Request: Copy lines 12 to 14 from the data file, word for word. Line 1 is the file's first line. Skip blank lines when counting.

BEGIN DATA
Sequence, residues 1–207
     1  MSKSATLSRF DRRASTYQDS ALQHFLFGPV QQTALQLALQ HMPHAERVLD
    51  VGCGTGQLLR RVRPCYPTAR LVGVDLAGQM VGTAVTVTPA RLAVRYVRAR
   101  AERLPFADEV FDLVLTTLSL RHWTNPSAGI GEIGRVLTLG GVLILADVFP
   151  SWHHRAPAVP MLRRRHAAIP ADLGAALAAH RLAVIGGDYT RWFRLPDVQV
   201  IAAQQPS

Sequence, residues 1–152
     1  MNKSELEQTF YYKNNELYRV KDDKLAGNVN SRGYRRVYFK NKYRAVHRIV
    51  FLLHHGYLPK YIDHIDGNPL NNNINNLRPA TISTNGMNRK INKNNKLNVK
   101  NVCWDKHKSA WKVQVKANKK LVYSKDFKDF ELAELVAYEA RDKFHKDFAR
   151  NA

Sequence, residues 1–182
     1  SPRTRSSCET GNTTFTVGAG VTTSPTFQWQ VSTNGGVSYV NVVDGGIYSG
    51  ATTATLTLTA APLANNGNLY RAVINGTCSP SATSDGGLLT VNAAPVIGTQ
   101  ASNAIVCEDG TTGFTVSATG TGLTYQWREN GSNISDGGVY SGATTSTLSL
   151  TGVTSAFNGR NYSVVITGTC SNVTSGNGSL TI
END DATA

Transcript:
Sequence, residues 1–182
     1  SPRTRSSCET GNTTFTVGAG VTTSPTFQWQ VSTNGGVSYV NVVDGGIYSG
    51  ATTATLTLTA APLANNGNLY RAVINGTCSP SATSDGGLLT VNAAPVIGTQ